The rising price of drugs, specifically of the so-called “black” cigarettes that combine tobacco and marijuana with cocaine, indicates that the middle and upper classes are increasingly involved in recreational drug use. Given the close-knit nature of Trinidad and Tobago society, wealthier or politically affiliated persons would seek or send family members to treatment in Antigua, Barbados, or the United States. On Tobago, the main tourist destination, visitors are partly responsible for the demand.
There are 10 substance abuse residential rehabilitation programs that are publicly and privately supported, providing less than 200 beds for a population of 1.2 million. Only one facility, with 14 beds, specifically addresses the needs of female addicts and their minor dependents. There is no residential rehabilitation program specifically designated for minors, so most are placed in delinquent youth homes operated by religious organizations or receive out-patient treatment. Non-governmental organizations, religious groups, and hospitals also provide treatment options, as well as inpatient, outpatient and prison-based modalities that last from several weeks to two years.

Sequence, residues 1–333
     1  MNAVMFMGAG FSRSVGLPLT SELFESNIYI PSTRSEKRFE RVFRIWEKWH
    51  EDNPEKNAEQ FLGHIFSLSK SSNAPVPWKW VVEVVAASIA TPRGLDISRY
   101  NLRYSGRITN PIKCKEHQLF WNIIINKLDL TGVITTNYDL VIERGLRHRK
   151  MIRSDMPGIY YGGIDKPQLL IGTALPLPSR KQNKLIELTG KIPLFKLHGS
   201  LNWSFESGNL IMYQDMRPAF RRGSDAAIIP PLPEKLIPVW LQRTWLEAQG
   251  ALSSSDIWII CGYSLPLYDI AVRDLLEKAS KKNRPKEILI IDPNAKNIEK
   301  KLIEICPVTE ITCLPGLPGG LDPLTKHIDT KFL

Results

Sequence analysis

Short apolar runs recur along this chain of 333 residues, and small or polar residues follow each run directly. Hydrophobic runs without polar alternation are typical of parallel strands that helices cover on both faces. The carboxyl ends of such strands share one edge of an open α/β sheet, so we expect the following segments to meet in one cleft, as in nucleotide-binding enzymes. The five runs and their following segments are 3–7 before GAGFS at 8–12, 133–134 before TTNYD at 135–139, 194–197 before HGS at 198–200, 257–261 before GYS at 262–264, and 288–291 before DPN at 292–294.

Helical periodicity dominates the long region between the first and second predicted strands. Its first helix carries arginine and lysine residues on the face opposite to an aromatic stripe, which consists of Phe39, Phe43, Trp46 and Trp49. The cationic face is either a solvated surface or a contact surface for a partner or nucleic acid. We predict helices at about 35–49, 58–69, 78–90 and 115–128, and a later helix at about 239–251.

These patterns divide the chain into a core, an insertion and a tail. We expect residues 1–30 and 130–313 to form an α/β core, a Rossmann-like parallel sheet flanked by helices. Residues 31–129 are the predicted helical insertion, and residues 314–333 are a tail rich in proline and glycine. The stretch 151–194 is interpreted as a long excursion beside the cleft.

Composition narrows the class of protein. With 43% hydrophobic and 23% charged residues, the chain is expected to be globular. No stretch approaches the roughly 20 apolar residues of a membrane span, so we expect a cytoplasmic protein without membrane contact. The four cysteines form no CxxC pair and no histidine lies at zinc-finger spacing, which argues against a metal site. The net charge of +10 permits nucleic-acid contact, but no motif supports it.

Drug prevention efforts include school education at all levels; training for educators; anti-drug media campaigns; and special event outreach. Outreach programs are performed by the NADAPP in conjunction with rehabilitation facility counselors and members of the police services. The government is working to strengthen its programs with the assistance of OAS/CICAD.
The Government of Trinidad and Tobago neither encourages nor facilitates illicit production or distribution of drugs nor the laundering of proceeds from the sale of illicit drugs. No charges of drug-related corruption were filed against senior government officials in 2012. Media and anecdotal reports of corruption in the ranks of the Police Service, Defense Force, Customs and Excise Division, and port employees are common.